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Review

A Flight of Broken Wings by Nupur Chowdhury

AUTHOR’S WEBSITE: http://nupurink.blogspot.com/
SERIES: The Aeriel Chronicles
PUBLISHED: August 17, 2018 (Self-published)
PAGES: 320
GENRE: Urban Fantasy, Science Fiction

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Blurb

Six hundred years ago, humanity rose up in revolt against the Aeriels, who were driven from earth and back into their homeland of Vaan after a bloody and glorious war.

Eight years ago, Ruban’s home was destroyed and his family murdered by an Aeriel. 

When a new Aeriel threat looms over Ragah, the capital city of Vandram, Ruban Kinoh must do everything in his power to avenge his family’s past and protect the future of his country. 

Which is hard enough without being saddled with a pretty and pompous aristocrat, who seems as useless as he is vain. Faced with a conspiracy that might cost humanity its hard-won freedom, and accompanied by the bejeweled and glitter-clad Ashwin Kwan, Ruban begins his journey into a land where the past and the future intertwine.


Review

ALSO REVIEWED AT: Goodreads

A Flight of Broken Wings is a charming and beautiful blend of science fiction and urban fantasy with a unique and beautifully-executed concept, and a riddle that had me guessing until the very end. This is the first book I’ve read by author Nupur Chowdhury, and without any idea on what kind of world I was about to be delivered to, I was pleasantly hooked a mere few pages in, unable to put it down. It’s always exciting to be introduced to new authors that you know have a promising future.

Ruban Kinoh has experienced such profound loss, he has dedicated his life to battling the Aeriel threat and rid the world of humankind’s greatest enemy. Upon learning of a new weapon formula that could finally give men the upper hand in this ongoing, centuries-long war, he learns of an Aeriel plot to steal said formula right from under the noses of its chief scientists. Along the way, Ashwin Kwan, a mysterious stranger, becomes interwoven into Ruban’s life and insists on aiding in the investigation that could potentially determine the faith of the entire world. This probe and a series of strange events lead them on a cross-country journey that delivers them right into the grasp of Tauheen, the brutal and extremely coercive last Aeriel Queen, all while a human mole is secretly passing her crucial information. Do Ruban and Ashwin have what it takes to untangle this web of conspiracy before it’s too late?

This is a tale of opposites – gentle love and crushing loss, shadowy deceit and immense loyalty. It is a tale of adversity and overcoming what you’ve been conditioned to believe – having faith where you’ve always believed faith is not due. It teaches us that where we believe to see an enemy, there may be a friend in disguise and jumping to conclusions is always detrimental to everyone.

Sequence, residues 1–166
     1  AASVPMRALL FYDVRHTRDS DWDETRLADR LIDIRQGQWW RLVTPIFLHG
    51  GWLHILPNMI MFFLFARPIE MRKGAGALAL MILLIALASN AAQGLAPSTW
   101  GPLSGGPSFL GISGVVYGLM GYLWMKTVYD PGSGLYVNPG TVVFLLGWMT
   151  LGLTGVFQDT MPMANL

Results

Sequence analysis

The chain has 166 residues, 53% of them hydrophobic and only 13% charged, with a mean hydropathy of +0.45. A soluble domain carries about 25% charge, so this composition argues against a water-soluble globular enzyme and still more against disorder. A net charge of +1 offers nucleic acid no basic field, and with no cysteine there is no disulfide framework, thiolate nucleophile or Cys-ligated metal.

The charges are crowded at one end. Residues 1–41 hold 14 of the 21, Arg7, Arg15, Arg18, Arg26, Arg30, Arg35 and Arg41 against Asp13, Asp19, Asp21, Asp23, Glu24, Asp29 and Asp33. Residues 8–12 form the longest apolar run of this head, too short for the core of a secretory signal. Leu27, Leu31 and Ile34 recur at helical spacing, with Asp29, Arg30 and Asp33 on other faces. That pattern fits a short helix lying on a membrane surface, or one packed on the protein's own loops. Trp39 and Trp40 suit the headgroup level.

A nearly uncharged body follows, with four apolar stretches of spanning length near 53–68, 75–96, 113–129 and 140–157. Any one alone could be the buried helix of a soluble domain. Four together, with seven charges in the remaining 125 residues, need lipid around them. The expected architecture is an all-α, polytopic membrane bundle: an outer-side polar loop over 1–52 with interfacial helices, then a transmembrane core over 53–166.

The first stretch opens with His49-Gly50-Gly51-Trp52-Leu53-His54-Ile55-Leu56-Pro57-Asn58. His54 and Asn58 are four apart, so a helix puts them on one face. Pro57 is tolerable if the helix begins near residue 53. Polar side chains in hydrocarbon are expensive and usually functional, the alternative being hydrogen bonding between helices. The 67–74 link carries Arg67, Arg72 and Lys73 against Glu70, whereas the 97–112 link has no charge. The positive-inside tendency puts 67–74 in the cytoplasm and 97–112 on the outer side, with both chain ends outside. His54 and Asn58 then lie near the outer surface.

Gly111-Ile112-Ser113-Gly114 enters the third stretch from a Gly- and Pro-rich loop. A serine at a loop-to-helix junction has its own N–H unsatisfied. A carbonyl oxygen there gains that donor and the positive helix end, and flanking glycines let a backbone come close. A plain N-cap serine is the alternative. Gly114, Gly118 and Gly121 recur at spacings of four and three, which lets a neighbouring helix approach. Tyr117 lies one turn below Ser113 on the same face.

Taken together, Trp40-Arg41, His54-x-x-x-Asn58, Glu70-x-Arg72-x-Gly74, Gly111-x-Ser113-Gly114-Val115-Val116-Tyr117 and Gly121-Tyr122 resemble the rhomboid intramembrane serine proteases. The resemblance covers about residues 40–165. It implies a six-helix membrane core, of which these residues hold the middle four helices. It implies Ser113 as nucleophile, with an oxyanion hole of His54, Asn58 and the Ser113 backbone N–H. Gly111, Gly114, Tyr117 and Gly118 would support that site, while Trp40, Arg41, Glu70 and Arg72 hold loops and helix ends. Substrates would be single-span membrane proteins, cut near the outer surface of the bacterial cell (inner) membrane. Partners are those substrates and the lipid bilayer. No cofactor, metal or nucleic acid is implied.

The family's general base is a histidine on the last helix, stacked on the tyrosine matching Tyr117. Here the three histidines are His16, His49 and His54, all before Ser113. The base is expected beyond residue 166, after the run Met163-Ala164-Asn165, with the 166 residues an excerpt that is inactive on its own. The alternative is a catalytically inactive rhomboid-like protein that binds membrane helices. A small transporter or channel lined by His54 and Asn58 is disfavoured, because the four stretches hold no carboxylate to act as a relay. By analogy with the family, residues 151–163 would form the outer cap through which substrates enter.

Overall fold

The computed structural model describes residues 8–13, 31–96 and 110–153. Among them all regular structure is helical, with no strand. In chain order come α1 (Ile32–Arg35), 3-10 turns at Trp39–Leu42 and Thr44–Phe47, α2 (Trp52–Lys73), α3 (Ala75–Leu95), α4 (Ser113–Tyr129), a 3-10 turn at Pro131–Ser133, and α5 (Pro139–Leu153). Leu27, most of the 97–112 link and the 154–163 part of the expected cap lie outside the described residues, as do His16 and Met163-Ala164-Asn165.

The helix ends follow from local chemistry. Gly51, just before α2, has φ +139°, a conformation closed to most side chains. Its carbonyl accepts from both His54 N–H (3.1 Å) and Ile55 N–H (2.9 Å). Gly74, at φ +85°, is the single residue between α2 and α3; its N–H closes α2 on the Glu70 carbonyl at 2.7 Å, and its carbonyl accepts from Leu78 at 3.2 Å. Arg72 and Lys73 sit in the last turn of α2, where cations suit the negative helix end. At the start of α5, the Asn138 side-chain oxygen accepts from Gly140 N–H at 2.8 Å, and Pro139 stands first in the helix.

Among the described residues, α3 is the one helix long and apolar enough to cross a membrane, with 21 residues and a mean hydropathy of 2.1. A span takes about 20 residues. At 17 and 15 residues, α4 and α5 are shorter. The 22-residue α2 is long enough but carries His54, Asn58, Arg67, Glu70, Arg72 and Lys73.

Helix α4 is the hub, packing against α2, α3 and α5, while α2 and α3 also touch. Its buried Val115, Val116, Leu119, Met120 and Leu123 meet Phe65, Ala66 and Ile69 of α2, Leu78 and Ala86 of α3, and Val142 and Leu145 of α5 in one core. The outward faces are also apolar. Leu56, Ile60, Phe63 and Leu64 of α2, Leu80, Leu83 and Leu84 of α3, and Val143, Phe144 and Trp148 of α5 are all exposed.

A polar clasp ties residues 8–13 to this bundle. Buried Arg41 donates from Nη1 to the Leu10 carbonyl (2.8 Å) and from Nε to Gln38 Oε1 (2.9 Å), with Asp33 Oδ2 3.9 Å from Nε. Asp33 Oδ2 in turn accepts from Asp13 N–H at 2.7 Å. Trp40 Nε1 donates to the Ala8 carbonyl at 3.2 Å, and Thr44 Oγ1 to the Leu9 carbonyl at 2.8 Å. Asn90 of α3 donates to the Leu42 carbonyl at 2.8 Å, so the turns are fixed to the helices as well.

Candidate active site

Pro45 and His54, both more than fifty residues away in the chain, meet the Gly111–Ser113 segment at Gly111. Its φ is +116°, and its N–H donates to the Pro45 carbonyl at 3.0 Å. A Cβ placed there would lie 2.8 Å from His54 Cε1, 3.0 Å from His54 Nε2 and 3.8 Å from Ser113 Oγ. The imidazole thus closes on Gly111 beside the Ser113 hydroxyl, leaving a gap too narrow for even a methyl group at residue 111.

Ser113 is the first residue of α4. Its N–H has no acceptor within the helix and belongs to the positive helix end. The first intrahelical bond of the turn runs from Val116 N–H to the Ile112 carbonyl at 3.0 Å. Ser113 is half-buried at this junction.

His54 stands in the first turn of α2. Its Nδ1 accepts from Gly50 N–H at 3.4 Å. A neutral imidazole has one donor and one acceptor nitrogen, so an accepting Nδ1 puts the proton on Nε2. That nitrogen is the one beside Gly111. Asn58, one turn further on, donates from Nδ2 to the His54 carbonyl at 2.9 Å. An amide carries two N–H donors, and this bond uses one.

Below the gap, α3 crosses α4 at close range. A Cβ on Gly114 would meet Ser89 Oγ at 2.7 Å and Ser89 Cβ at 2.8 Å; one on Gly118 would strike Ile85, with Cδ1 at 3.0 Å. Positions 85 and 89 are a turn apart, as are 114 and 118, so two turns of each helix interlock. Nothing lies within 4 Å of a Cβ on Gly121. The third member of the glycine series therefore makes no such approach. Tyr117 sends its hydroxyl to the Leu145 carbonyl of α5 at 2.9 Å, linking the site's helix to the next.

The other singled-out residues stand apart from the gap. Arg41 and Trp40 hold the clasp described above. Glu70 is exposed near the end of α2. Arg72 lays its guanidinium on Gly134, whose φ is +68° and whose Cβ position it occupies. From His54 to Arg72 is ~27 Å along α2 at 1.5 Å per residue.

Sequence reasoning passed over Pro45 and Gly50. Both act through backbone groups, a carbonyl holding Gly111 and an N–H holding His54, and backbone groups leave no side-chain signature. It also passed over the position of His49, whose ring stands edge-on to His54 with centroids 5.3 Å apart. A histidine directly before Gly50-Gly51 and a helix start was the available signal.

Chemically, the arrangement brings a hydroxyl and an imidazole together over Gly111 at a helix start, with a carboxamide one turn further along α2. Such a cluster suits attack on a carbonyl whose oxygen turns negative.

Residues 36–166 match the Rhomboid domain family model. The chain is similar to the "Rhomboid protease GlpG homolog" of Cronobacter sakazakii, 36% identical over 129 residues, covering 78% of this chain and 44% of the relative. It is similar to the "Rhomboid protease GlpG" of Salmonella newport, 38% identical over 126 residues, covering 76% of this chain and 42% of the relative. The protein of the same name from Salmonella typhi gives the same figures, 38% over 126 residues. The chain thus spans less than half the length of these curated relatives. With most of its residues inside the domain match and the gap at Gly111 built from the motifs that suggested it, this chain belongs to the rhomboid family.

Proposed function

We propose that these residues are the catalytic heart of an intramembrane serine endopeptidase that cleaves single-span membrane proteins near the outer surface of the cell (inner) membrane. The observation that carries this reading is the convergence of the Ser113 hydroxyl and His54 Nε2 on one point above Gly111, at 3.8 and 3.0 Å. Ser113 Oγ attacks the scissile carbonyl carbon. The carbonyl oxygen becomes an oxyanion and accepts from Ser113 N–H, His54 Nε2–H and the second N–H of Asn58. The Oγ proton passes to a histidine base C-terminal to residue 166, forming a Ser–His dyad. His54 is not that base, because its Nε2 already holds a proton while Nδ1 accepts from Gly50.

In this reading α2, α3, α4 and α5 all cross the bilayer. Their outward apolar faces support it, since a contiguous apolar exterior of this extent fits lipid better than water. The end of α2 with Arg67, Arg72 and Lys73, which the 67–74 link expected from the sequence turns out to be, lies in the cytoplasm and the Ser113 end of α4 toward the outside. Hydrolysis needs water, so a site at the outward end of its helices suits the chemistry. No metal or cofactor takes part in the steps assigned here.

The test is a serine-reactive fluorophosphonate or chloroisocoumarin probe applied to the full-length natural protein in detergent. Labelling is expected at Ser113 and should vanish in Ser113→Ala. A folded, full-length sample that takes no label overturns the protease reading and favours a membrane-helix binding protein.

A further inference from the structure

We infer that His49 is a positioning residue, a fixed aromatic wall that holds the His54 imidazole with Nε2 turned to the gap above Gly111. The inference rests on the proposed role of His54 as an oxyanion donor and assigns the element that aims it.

Chowdhury’s dynamic character development is superb, creating clear heroes and adversaries that each possess their own tragic flaws. Ruban’s past, which is painfully presented to us in the first few pages of the book, serves as a solid stepping stone into understanding his disposition throughout. His animosity towards those who took everything away from him as a child clearly blinds him to the telltale signs that keep appearing. Ashwin, at first presented as a dainty, pompous, air-headed noble, quickly becomes a charismatic and crucial player in the outcome of this ongoing war. Tauheen is vicious and manipulative and has found herself the enemy of both human and Aeriel alike. Dialog is witty and full of emotion, beautifully creating bridges between unlikely allies.

I’m also fond of the wonderfully crafted environment that pulls reference from our very own world. Vivid descriptions and smartly placed tertiary characters really bring Chowdhury’s creation to life. Her magical depictions of various towns and cities make this adventure feel overwhelmingly real and immersive. Our trip into Vaan, the land of the Aeriels, is breathtakingly dazzling.

Abject horror and brutality is hinted at throughout, but never truly shown to readers in actuality, perfectly preventing the story from spiraling into the category of ‘dark fantasy’, regardless of its darker themes. Being a story of war with a despicable tyrant, this story remains relatively unsullied.

I’m ecstatic I have been given the opportunity to read this and am looking forward to seeing where The Aeriel Chronicles takes us next. While the threads of the main conflict have been tied, I believe there is much more on the horizon. A wonderful story I highly recommend.

Note: A huge thank you to Nupur Chowdhury for providing me with a free copy of this book in exchange for an honest review.

Justine Bergman

Web developer by trade, ravenous reader, excited reviewer, dark fantasy enthusiast, mother of pups, drinker of strong coffee, and player of games. I'm also a contributor over at Fantasy Book Critic and The Fantasy Hive, and I love sharing the love.

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